9. I/We will trust our child's ability to handle their emotions

Part of raising a healthy and well-adjusted child is to try to make sure that they are given the proper tools to deal with their emotions.

This means that, as a parent, you have to trust them enough to let them handle things on their own.

Resolutions like this usually don't work because it's hard for most parents to not jump in and try to solve the problem themselves.

10. I/We will stop expecting our child to be happy ALL the time

We all know that one child who seems to be happy and smiley all the time. And we may also know the child who is always sad or angry...

It's normal for children to experience a range of emotions, but sometimes we expect them to be happy all the time - and when they're not, we get upset with them.

Resolutions like this are often impossible for children to keep up with, and it can make them feel like they're never good enough.

The best thing we can do is make sure that they have the internal tools and bandwidth to deal with their emotions (see previous point), and if they don't we make sure to be there for them for help and support.

11. I/We will let our child know that we love them no matter what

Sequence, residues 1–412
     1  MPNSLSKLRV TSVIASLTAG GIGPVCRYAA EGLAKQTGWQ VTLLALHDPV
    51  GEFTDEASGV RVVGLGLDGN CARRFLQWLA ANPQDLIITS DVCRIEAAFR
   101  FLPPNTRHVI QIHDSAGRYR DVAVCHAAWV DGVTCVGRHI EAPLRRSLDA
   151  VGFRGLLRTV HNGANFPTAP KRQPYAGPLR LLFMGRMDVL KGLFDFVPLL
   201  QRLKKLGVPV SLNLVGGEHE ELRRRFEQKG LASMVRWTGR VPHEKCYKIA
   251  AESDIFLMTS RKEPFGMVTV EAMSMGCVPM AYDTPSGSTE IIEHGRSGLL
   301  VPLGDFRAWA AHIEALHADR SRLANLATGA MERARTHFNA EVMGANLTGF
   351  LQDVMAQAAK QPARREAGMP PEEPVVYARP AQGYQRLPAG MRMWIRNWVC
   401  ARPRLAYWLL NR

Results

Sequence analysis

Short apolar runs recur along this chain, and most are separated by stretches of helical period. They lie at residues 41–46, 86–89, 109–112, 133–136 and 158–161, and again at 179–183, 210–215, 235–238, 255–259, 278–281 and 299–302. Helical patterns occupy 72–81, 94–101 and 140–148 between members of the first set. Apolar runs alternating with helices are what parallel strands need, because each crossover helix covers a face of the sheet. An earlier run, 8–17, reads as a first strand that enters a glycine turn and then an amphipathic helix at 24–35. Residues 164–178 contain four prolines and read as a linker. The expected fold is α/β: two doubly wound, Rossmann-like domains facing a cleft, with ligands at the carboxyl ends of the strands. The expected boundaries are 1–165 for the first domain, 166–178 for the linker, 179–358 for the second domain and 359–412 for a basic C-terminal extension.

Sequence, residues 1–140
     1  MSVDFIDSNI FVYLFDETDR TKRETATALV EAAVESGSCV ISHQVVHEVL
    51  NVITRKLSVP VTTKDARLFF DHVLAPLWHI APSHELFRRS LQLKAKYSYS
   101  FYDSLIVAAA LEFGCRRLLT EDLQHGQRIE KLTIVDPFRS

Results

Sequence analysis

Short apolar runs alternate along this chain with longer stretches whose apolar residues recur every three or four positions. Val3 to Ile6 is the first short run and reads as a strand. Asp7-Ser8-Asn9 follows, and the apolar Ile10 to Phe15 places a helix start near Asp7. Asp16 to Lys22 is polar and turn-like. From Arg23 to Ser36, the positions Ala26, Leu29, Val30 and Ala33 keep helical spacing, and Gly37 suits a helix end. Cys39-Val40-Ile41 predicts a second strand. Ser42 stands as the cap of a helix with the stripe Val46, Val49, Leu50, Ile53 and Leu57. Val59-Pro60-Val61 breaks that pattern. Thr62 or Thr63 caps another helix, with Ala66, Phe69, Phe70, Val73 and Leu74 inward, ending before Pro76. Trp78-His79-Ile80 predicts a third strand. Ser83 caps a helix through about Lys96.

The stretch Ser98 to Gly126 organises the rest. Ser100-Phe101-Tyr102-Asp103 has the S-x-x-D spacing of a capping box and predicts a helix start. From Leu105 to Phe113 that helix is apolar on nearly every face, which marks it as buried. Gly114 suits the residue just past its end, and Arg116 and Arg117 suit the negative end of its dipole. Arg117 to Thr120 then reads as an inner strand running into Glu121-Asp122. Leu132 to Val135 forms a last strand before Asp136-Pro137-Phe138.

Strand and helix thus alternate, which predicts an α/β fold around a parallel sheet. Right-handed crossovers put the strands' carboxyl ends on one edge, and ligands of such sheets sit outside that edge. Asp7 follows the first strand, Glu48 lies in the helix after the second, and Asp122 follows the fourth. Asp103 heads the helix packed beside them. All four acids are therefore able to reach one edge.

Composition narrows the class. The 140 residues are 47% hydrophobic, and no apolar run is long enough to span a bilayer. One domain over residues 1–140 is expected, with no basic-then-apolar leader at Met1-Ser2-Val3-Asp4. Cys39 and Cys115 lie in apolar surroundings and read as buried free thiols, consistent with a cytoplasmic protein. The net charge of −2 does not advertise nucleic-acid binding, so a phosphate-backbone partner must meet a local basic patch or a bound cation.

Even though this resolution is probably the most important one of all, it's also the hardest to do...

Saying "I love you" doesn't always mean things are okay, and it's often hard for parents to show their love when their child is being difficult.

The truth is, children need to know that they're loved, no matter what - even when they're making bad choices or acting out.

12. I/We will communicate better with our spouse about how we're feeling about parenting

This is a resolution that's definitely worth keeping throughout the year..!

When parents feel like they can't talk to their spouse about anything related to parenting, it only leads to frustration and resentment. And when parents are frustrated and resentful, it's not good for anyone in the family.

By communicating better, you and your spouse can help each other through the ups and downs of parenting. You'll also be able to resolve any arguments more easily because you'll already have a foundation of understanding.

Wrapping Up

As parents, it can be hard to make resolutions when we're constantly feeling like our children are testing us. But if you take the time to come up with realistic goals for your family, you'll find that they won't always feel like this! And while these may not all happen in 2021 (or even 2022!), try coming up with a few of them now so that next year will seem more achievable.